Linked by Eugenia Loli on Tue 18th Apr 2006 17:49 UTC
Linux Efforts to bring glitzy new graphics to Linux are fueling an old conflict: Does proprietary software belong in open-source Linux? The issue involves software modules called drivers, which plug into the kernel at the heart of the open-source operating system. Drivers let software communicate with hardware such as network adapters, hard drives and video cards.
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Sorry, but I can't agree with your statement. Beside the (in principal desireable, but very hard to achieve on large scales) state of an anarchy (in the original sense of meaning), most systems try to preserve their freedoms by putting restrictions in front of things, that could harm this freedoms.

It's convenient to rob a bank, if you don't have money, but (this is just an educated guess, mind you) most people won't tolerate this, since it interferes with their own freedom (e.g. to have money in this bank or banks in general).

This is of course a silly, simple example. But it should illustrate, that most people seem to be able to live with a limited set of restrictions, that helps to prevail basic freedoms. It can get difficult to draw the line what rules are necessary to prevail the freedom of the people within a system (simply because the definition of freedom can differ), compared to when rules get too tight.

With respect to the Linux kernels policy regarding closed source kernel modules, this is a restriction I can both understand and live well with, since the license the kernel is distrubuted (exclusively, I might add) under rules this possibility out. If my memory serves me right, the first license the linux kernel was distributed under was more restrictive than the GPL, so with the GPL (and it's restrictions), they settled for the license they (= the kernel creators) thought to fit their needs and goals best. If you do not agree with their findings, you have several options left :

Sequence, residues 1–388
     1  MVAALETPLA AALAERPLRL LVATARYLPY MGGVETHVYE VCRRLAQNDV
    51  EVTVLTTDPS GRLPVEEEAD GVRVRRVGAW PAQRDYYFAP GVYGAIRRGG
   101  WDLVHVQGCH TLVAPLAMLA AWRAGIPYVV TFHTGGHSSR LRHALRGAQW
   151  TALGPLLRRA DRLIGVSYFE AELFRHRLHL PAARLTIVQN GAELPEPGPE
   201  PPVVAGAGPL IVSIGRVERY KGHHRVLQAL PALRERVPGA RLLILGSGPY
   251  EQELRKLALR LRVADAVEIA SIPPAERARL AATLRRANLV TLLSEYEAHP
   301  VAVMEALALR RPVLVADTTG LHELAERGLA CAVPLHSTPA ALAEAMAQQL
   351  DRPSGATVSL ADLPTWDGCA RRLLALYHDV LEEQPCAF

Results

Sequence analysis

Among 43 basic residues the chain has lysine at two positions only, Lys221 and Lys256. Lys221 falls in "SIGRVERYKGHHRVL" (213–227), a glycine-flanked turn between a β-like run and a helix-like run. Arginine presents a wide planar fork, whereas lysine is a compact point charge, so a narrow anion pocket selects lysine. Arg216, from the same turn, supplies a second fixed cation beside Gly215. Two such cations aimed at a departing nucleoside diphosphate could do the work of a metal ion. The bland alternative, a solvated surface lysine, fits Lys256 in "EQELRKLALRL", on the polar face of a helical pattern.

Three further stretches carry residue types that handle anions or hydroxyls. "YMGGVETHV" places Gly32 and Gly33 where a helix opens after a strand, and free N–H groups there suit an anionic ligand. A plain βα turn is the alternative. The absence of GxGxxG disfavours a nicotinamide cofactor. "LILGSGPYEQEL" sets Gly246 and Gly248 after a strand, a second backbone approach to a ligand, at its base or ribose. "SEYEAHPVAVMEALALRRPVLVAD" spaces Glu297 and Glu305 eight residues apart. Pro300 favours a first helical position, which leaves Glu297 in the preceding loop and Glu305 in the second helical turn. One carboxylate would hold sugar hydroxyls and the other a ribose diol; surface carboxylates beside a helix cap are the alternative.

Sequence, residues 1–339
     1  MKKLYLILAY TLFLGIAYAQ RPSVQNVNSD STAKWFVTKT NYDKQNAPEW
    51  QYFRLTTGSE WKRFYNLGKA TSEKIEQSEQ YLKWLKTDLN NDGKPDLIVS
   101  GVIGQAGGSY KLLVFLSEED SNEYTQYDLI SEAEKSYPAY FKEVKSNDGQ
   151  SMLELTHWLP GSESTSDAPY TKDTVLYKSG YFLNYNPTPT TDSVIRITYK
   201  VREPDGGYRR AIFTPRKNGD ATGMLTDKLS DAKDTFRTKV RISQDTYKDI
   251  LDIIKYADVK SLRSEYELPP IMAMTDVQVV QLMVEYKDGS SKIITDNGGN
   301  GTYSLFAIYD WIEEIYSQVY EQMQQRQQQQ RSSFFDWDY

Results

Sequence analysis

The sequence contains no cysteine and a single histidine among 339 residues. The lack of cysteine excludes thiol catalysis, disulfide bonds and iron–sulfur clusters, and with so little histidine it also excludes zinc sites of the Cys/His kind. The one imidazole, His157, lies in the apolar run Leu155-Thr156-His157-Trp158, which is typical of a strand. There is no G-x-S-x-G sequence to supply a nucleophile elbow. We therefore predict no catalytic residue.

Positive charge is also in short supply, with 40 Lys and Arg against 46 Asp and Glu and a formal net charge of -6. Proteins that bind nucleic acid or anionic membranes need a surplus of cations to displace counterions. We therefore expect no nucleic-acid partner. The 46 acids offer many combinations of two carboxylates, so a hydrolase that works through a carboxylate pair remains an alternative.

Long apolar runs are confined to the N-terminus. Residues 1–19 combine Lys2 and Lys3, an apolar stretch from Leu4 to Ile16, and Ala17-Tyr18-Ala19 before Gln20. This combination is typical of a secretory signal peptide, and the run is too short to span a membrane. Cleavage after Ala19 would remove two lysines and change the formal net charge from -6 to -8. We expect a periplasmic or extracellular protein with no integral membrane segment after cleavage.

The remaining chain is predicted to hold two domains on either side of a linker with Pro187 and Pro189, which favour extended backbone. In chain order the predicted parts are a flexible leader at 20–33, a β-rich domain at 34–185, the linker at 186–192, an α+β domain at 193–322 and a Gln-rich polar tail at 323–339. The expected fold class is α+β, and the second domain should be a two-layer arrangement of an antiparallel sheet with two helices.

You are entitled to try to build something similar yourself, because it's not (despite the things some people might try to convince you) illegal to develope your onw OS kernel in most countries. You also have (as in theaters or cinemas) the right to leave, if what you see doesn't pleases you. In most cases however, you are not entitled to get your money back, if you leave five minutes before the film ends.



If someone probably tries to wind up one of this lame "which one is more free, the GPL or the BSD license?" discussions most of us seem to be already sick of : Please, don't turn this into one !

(To put it short and simple : I'm a GPL guy and *I* find what is commonly refered to be the BSD license and the GPL license to be equally free, since they both provide the same four freedoms, which is the reason, why the BSD is one way compatible with the GPL. The BSD is less restrictive, which I find somehow problematic in the light of aboves statements, and that's one of the reasons, why I prefer the GPL)

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